Or the sisters who struggled through renewal in the course of Vatican II.
This is the time to begin to talk about the implications of change theologically, psychologically, institutionally.
To suppress the question now can only delay its coming and, at the same time, increase its impact when it does.
This question, I wrote, brings together a trio of issues that underlie resistance to any major movement for cultural change but which must be considered in the course of any major social shift.
They are: The very nature of social change itself must be a major consideration for those whose commitment is to minister in a society in flux. Once it has begun, the change has already happened. It is the process of change itself that must be understood if ministers are to be the bridge between the Holy Spirit and the institution.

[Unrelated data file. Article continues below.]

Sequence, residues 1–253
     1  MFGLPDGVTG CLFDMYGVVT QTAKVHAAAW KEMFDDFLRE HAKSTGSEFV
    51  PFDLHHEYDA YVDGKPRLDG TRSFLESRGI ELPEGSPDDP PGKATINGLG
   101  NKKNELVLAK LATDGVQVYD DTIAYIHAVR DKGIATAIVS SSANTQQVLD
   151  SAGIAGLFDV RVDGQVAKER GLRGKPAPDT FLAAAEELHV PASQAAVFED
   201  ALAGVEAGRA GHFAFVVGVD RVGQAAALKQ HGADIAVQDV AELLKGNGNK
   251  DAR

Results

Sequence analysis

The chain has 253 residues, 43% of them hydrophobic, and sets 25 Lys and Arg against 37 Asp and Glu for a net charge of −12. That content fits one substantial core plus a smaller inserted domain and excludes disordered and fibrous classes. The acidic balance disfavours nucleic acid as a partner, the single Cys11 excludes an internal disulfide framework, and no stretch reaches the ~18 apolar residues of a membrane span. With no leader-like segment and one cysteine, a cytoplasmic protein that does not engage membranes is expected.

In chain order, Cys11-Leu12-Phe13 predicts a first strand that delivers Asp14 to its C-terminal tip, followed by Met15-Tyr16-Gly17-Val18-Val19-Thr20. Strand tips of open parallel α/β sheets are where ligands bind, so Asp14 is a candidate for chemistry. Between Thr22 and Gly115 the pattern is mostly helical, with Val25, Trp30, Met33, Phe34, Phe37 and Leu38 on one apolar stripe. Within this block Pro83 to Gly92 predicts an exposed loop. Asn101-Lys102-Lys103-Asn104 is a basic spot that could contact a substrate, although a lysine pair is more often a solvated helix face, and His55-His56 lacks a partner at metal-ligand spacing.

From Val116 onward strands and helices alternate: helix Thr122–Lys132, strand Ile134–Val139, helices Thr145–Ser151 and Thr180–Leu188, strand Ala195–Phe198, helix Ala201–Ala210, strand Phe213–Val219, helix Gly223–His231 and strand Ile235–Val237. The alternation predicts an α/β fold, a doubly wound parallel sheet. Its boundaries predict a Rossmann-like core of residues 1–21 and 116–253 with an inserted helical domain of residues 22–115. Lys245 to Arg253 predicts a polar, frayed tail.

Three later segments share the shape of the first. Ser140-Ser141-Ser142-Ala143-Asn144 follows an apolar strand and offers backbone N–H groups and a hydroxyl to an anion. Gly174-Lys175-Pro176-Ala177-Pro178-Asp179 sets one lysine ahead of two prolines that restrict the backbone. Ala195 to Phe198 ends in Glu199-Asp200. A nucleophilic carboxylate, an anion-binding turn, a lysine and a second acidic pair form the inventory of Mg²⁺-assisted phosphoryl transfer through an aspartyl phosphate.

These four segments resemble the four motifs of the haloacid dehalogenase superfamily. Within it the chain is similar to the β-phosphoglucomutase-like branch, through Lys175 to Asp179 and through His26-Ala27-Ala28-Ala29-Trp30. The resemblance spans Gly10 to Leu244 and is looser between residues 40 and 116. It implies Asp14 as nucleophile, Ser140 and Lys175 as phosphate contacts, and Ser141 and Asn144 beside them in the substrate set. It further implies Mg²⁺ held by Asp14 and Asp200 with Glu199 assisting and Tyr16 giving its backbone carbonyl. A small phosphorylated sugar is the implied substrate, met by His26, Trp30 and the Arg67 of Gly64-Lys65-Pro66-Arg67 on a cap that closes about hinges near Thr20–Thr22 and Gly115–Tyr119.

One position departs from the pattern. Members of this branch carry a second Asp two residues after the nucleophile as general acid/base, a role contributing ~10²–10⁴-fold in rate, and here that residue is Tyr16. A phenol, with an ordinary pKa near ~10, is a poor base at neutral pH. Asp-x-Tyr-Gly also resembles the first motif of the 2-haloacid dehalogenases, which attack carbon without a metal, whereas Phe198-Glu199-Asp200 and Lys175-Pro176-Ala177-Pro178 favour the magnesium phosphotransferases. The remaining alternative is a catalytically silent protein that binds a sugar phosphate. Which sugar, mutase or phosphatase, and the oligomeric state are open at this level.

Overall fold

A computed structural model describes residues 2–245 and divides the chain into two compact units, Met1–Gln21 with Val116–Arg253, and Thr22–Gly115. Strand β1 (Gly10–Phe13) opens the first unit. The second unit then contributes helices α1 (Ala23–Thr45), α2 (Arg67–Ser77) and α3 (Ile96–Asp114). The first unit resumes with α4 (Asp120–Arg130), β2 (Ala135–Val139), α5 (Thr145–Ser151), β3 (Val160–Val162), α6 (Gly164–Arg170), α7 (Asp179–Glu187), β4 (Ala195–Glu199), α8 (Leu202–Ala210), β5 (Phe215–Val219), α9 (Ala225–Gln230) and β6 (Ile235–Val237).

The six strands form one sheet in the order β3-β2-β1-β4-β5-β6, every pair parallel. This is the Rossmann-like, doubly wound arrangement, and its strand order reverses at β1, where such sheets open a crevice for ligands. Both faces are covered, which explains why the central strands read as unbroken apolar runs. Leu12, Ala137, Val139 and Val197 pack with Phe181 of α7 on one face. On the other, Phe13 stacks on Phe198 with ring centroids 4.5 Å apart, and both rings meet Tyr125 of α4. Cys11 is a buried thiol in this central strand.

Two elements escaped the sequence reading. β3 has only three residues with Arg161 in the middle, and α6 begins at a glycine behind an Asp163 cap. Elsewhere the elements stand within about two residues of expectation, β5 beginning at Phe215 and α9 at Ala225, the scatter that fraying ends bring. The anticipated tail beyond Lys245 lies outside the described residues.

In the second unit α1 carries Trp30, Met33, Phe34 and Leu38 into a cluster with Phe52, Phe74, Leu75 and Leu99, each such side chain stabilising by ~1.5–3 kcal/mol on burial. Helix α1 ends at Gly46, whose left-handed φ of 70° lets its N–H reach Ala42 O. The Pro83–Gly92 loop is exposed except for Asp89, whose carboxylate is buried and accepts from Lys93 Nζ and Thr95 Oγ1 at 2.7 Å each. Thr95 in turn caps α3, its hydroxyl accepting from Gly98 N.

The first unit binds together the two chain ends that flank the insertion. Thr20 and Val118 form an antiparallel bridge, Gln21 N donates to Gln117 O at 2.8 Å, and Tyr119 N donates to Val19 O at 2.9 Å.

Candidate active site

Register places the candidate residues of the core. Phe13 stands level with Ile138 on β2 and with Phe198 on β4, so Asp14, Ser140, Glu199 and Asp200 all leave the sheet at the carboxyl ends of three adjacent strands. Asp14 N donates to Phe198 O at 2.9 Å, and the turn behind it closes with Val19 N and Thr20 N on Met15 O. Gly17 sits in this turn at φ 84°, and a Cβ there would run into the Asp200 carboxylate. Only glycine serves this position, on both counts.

The question assumed, of course, that the position of the faithful and the position of the official teaching magisterium might differ on the issues in question.